Everything you need to know about cholesterol
Did you know more than a third of all adult Australians suffer from high blood cholesterol? Thankfully there are simple and effective habits you can adopt to help manage the condition.
Unfortunately, many of us are forced to confront the reality of high cholesterol and its potentially negative impact on our health at some point in our lives. Though cholsterol is not necessarily inherently bad, high blood cholesterol has been linked to a slew of health problems. Fortunately, there are many simple ways to manage high cholesterol.
So, what exactly is cholesterol?
Cholesterol is a fatty substance that is produced naturally within the body. It is an essential part of all animal cell membranes as the sterol helps maintain membrane structure and fluidity. Blood cholesterol is created in the liver then disseminated through the blood stream. Normal levels of the modified steroid are beneficial for general health, but high levels of blood cholesterol can lead to heart disease and long-term health risks.
According to the Heart Foundation high cholesterol is the second greatest contributor to heart disease, accounting for more than 36% of cases. Statistics reveal that men and women essentially have an even risk of developing high total cholesterol. The age group most at list? Those of us who are aged 55 to 64 are most at risk of developing cardiovascular and other diseases as a result of high total cholesterol, with almost one in two of us suffering from the imbalance.
Many cases of high cholesterol often go unnoticed. In a recent study even though 32.8% of Australians had abnormal or high total cholesterol levels, only 10.1% self-reported having high cholesterol. So many of us are unaware of the condition and the potential negative effects it may be having on us.
Good and bad cholesterol
There are two main types of blood cholesterol.
- Low-density lipoprotein (known as LDL) is the bad kind of cholesterol associated with plaque in the heart's arteries, heart disease and other illnesses.
- High-density lipoprotein (HDL) is known as ‘good’ cholesterol because it aids in cell recovery and can help prevent heart disease.
High blood cholesterol is not associated with any overt symptoms and many sufferers report no difference in their overall wellbeing, which is why regular blood tests are important. A positive blood test can help you understand the severity of your condition and its many treatment options. Speak to your GP for a more in-depth run-down of your options.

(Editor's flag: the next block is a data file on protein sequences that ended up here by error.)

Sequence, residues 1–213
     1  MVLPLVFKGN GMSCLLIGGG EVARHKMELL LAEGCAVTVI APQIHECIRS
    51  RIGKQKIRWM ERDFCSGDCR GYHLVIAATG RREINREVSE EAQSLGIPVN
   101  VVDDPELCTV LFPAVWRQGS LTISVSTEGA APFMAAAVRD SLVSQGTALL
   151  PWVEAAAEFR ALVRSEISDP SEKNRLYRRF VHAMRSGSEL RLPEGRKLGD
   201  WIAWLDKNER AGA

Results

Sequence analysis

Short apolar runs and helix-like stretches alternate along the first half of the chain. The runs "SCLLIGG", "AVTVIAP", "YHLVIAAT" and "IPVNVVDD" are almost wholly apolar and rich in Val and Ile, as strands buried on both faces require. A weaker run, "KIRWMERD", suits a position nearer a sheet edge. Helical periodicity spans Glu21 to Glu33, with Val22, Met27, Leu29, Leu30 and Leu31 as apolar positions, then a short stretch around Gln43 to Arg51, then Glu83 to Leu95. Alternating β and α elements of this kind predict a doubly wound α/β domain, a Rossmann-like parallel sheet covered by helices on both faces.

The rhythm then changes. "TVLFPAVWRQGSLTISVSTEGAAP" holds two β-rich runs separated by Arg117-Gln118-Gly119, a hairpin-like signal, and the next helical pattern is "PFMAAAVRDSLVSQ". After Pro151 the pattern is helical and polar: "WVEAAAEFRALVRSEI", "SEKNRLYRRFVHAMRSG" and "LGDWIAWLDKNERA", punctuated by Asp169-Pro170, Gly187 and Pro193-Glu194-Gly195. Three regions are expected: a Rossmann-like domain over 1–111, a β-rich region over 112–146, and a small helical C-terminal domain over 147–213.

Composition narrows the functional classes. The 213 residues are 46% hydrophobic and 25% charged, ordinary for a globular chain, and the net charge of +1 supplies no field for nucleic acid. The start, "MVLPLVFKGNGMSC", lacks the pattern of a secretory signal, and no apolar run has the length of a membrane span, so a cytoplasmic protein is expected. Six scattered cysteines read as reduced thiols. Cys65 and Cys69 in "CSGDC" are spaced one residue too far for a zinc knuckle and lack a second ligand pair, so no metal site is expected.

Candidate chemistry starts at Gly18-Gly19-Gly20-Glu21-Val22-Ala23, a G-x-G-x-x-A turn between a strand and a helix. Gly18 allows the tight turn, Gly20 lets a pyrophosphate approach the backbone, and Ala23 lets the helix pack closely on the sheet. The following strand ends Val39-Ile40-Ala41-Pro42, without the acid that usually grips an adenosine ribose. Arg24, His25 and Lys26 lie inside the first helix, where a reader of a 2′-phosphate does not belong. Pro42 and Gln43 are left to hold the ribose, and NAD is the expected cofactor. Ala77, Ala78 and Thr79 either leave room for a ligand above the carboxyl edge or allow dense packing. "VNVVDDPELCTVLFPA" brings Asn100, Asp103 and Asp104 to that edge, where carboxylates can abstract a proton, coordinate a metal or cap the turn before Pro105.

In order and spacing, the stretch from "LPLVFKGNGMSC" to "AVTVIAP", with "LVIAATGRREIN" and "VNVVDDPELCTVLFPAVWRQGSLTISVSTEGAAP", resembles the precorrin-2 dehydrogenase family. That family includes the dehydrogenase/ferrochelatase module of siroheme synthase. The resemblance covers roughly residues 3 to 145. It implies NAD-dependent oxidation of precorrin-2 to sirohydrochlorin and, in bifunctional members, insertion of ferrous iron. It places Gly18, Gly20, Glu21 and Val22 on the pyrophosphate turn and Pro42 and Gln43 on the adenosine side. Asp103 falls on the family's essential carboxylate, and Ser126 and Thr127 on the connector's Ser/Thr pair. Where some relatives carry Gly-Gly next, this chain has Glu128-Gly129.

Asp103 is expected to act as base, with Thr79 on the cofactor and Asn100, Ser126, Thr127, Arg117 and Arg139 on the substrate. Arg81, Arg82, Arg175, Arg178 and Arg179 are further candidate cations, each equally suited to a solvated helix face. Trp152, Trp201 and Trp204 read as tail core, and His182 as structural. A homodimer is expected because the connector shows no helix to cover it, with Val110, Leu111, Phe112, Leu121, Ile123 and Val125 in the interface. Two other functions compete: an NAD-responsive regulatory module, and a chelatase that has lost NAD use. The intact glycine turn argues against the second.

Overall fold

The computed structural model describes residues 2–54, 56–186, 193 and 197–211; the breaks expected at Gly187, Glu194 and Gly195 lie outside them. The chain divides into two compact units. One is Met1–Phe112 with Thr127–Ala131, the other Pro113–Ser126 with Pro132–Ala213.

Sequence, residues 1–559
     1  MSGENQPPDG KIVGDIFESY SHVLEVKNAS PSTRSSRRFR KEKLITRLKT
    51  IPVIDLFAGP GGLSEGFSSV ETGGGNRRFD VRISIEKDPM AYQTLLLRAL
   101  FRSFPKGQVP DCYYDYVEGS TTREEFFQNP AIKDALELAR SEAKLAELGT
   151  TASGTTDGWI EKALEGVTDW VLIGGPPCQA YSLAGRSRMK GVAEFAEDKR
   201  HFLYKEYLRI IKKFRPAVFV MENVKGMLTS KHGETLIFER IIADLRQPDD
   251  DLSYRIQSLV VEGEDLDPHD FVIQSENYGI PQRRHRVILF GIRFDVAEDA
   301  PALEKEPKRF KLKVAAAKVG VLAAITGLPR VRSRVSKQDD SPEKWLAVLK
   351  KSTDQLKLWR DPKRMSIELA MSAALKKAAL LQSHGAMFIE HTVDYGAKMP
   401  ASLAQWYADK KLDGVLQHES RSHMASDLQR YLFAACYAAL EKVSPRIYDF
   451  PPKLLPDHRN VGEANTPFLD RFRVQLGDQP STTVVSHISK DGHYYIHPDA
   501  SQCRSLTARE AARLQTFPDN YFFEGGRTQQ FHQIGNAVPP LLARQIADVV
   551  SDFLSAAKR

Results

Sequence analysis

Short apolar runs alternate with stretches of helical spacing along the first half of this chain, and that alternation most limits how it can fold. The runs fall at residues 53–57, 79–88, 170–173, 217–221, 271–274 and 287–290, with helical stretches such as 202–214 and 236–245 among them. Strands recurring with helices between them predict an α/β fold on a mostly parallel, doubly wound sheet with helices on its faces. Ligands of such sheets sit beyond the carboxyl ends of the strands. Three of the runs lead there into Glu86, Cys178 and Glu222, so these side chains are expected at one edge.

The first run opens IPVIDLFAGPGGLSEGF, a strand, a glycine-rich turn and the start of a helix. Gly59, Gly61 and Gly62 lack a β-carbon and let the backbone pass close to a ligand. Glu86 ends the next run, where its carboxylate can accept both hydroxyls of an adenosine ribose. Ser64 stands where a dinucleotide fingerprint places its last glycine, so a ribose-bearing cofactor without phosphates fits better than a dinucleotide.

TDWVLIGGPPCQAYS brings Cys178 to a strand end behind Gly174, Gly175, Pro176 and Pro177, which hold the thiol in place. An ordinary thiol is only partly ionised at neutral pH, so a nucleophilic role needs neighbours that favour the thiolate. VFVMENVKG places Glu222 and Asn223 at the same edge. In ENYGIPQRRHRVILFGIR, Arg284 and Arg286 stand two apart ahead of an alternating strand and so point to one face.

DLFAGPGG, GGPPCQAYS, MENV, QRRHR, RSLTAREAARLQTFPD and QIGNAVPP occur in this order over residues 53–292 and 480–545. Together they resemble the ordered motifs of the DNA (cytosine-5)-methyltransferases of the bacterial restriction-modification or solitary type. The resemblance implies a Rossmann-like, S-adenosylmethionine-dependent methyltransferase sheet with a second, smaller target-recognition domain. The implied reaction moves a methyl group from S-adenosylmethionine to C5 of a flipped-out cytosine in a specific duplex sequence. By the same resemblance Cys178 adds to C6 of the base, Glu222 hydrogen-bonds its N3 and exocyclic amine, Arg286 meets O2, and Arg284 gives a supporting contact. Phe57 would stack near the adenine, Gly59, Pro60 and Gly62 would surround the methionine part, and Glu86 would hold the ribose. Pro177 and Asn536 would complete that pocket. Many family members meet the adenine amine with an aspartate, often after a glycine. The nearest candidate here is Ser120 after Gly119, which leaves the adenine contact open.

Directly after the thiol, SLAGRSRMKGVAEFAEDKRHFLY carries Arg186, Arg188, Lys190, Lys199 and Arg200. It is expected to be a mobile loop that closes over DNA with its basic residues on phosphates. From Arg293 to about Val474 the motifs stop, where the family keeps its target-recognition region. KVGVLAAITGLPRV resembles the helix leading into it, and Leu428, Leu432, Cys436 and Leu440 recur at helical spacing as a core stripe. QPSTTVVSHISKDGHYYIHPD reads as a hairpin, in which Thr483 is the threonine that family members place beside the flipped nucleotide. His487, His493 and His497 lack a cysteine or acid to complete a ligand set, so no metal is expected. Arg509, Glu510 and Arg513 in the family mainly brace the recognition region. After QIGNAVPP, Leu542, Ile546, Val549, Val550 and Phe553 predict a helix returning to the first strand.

What causes it?
'Dietary cholesterol' refers to animal products that naturally contain cholesterol. However high cholesterol levels in the blood are caused by foods that are high in saturated and trans-fats. High blood cholesterol levels develop as a result of a poor diet.
There are also a significant number of people who have a genetic pre-disposition to cholesterol, with many suffering despite a nutritious and healthy diet. Depending on your family history, a unique genetic structure may inhibit the natural production of cholesterol lowering sterols. In these cases, medication is often the best option. Your health expert will advise you.
Thankfully there are many ways to treat high cholesterol levels. Lifestyle and dietary changes are the easiest and least invasive ways of dealing with a positive diagnosis. Those who are particularly at risk of heart related events may be prescribed medicines such as statins to help manage the illness on a pharmaceutical level.
If you've been diagnosed with high LDL cholesterol levels (and medication is not called for), simple dietary and lifestyle changes can make a huge difference. Here are 8 tips from the CSIRO for reducing your blood cholesterol levels.
- Reduce saturated and trans-fats in any way possible!
- Stay away from cakes, biscuits and pastries - they are heavy in unnoticed fats.
- Consume reduced fat milk and polyunsaturated or monounsaturated margarine.
- Remove fat from meats (red and white) and choose lean, heart-healthy cuts.
- Eat more fish - twice a week has been said to reduce the risk of heart disease.
- Eat foods of plant origin, nuts, legumes (high fibre) and especially fruit.
- Lose weight and exercise more consistently.
- Avoid smoking and excessive alcohol abuse.
The best news is that simple changes you make can really help. Why not start today?
Republished with permission of Wyza.com.au.
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